Honda just blessed the world with a new Civic. Well, at least part of a Civic. The 2022 Honda Civic sedan debuted, but we’re still waiting on the Hatchback, Si and Type R variants to come down the road. Regardless, we know most of the important details about the 11th generation Civic now, so it’s time to do some comparing.
We chose a collection of the most popular compact sedans out there to compare it to, including the Mazda3, Toyota Corolla, Volkswagen Jetta, Hyundai Elantra and Nissan Sentra. There are more, but we’ll keep it to just six for now. Below, you’ll find the comparison chart with all the numbers.
The 2022 Honda Civic gets entirely carryover engines for the new model. That means the 2.0-liter four-cylinder and 1.5-liter turbocharged four-cylinder options are back. Just like before, the 1.5-turbo is the upgrade engine that both makes more power and returns better fuel economy.
Rated at 158 horsepower, the Civic’s base 2.0-liter is more powerful than every last one of its competitors’ standard engines. It’s obviously no barnburner, but it’s a great place to start. Volkswagen wins the torque war with its boosted base engine at 184 pound-feet of torque, and the ability to option it with a manual transmission also makes it attractive for someone who likes to do their own shifting.
Unfortunately, Honda dropped the manual from the sedan a short time ago, and it isn’t making a return in the redesigned car. That means your only transmission choice is a CVT (re-tuned for 2022). The CVT is the most popular transmission of choice in this class for its ability to help achieve excellent fuel economy, but if you really don’t want a CVT, both the Mazda3 and Jetta offer traditional automatic transmission options. Hyundai has the best fuel economy of all these cars, maxing out an impressive 37 mpg. Honda is a close second with the Civic’s 36 mpg maximum, and the rest are a couple mpg or more below that.
We didn’t include dedicated performance options in this comparison like the Elantra N Line, Jetta GLI or Mazda3 Turbo, just because those would match up best to the Si that will eventually arrive. That said, if you want a little more pep, Honda’s 1.5-turbo is comparable to the Corolla with its 2.0-liter, or the Mazda3 with its 2.5-liter four-cylinder. Mazda wins for the most power and torque on tap here. Plus, Mazda offers all-wheel drive with the 3, something none of these other six make available. The Subaru Impreza is standard with all-wheel drive, too, in case that’s one of your must-have features in this class. Honda takes the fuel economy crown for these higher power options by a good margin.
Space and size
Before we dive into how the new Civic compares to the competition, we’ll explain how this new generation is different from the old. Total size growth is minimal, but the Civic is still bigger this year than it was before. Overall length us up by 1.3 inches, and wheelbase is up by 1.4 inches. That translates to very little change inside. Legroom in front and back are identical to the previous Civic, and cargo capacity is actually down to 14.8 cubes versus the 15.1 cubes it maxed out at before.There’s an extra inch of rear shoulder room, but it must be packaging related, because the car is no wider for 2022. Unfortunately, weight is the big loser here. The new Civic weighs 106 pounds more than before in its base form. When you compare the loaded-up 2022 Touring to its 2021 Touring counterpart (both 1.5-turbo-equipped), the new Civic is 114 pounds heavier.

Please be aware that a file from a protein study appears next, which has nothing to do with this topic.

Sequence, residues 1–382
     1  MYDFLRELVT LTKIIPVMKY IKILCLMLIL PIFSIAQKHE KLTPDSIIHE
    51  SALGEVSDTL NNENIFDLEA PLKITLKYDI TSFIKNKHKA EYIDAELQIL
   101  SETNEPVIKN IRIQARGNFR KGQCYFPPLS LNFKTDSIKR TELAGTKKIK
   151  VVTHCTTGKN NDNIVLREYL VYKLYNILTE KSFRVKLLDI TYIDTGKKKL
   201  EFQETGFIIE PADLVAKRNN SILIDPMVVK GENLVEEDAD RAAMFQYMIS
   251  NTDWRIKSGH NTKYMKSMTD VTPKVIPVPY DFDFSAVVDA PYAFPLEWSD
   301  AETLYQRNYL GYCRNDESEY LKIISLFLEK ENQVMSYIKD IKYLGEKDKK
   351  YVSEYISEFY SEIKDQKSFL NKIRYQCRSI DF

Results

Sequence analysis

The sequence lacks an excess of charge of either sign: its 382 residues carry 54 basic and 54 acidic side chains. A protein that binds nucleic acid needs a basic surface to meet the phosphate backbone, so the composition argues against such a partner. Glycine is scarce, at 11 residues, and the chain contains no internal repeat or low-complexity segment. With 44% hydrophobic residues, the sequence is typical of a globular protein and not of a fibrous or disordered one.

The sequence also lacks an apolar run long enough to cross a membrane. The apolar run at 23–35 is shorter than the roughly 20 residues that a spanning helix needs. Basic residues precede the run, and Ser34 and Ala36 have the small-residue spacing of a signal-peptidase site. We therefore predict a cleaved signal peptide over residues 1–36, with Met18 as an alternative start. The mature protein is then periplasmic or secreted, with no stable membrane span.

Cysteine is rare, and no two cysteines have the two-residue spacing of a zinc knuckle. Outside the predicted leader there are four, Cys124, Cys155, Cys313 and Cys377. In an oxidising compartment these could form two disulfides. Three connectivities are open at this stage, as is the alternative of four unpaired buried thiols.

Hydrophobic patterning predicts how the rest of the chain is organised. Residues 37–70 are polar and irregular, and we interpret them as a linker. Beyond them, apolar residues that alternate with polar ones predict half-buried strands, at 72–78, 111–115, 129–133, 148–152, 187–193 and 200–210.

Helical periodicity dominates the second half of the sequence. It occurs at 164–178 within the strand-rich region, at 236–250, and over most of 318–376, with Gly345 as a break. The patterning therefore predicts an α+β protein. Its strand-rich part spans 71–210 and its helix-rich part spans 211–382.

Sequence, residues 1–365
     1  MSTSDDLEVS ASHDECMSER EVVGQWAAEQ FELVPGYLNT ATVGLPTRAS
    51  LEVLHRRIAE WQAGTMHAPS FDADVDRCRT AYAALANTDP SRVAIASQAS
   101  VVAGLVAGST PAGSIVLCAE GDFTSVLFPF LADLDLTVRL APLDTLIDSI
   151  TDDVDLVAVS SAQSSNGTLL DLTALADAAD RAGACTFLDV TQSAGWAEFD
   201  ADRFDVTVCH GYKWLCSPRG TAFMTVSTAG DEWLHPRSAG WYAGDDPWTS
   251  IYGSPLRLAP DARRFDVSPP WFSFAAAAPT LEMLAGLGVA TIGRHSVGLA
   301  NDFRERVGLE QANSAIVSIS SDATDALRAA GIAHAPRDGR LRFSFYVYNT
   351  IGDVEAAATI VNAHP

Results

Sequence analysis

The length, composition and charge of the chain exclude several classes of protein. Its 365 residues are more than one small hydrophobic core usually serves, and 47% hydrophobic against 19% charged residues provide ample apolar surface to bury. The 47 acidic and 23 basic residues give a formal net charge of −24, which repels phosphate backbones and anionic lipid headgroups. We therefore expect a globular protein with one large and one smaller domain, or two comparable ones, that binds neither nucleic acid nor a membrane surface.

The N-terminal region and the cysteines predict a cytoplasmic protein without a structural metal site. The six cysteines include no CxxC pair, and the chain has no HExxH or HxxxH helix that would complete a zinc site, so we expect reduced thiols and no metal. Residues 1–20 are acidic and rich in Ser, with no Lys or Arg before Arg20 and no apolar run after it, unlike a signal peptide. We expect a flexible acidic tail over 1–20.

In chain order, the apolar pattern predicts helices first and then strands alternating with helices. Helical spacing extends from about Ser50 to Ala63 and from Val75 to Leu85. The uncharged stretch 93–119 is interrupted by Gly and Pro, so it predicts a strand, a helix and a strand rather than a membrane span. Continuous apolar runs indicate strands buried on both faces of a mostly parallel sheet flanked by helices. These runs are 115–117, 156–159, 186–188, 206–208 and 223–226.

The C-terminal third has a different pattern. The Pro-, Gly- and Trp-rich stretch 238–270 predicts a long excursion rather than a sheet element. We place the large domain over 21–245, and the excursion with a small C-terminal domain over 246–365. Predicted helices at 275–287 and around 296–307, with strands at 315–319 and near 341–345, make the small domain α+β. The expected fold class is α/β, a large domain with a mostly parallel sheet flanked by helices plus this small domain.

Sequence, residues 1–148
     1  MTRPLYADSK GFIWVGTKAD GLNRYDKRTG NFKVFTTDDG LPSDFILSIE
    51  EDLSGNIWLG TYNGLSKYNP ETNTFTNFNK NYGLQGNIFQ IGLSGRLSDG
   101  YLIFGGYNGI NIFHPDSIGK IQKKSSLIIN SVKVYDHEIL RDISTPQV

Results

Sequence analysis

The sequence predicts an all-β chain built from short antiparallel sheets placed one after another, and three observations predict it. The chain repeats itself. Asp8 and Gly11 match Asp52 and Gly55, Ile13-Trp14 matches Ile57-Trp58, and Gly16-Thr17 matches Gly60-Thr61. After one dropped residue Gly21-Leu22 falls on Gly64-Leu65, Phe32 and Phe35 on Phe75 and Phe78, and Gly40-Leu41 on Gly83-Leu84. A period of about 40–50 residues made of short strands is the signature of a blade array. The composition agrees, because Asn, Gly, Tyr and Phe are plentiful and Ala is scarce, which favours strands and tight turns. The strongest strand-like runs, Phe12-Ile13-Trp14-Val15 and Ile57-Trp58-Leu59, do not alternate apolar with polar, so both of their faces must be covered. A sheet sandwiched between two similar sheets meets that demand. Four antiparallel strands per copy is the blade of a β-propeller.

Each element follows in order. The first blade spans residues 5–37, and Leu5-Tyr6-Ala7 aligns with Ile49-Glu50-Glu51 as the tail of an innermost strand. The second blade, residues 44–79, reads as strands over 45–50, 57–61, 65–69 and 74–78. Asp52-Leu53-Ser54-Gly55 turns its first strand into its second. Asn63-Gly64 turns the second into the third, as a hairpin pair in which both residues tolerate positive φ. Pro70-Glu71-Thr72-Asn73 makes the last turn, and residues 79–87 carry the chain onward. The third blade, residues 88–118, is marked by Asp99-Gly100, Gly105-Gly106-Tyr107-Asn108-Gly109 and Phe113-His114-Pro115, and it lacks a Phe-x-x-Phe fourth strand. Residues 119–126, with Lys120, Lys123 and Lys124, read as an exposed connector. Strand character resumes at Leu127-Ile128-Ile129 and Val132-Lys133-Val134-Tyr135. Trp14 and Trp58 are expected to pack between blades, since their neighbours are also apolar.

Versus the score of competitors, the Civic is on the larger side. Both the Jetta and Elantra are technically longer, but just barely so. Strangely, Toyota provides no interior dimensions for the Corolla sedan. We had little to no complaints about how spacious the back seat of the last Civic was, so keeping it the same this year works. However, competitors like the Elantra and Jetta have gone and matched or bettered the Civic in rear legroom. All three of those will serve backseat passengers well. It’s when you get into a Mazda3 or Sentra that the rear could begin to feel a bit cramped. Those couple are still deserving of their compact car status, whereas the new Civic hardly seems compact in any seat.
Another big plus for the Civic is its spacious trunk. And even though its size went down this year, it’s still the second-biggest in this class. Only the Kia Forte listed at 15.3 cubic-feet (not included in this comparison) can beat it for quoted volume.
Interior design in photos
The biggest improvement in this year’s Civic is undoubtedly its interior design. We haven’t sat in it yet, but we’re already impressed at the clever, horizontal air vent integration, use of technology and continued excellence in ergonomics and utility. Mazda still wins any argument when it comes to interior quality and luxuriousness in this segment, but Honda is creeping up as a very close second.
For some visual comparison, we’ve compiled interior shots for all six of these models into a gallery below that you can scroll through. Let us know which you like best in the comments.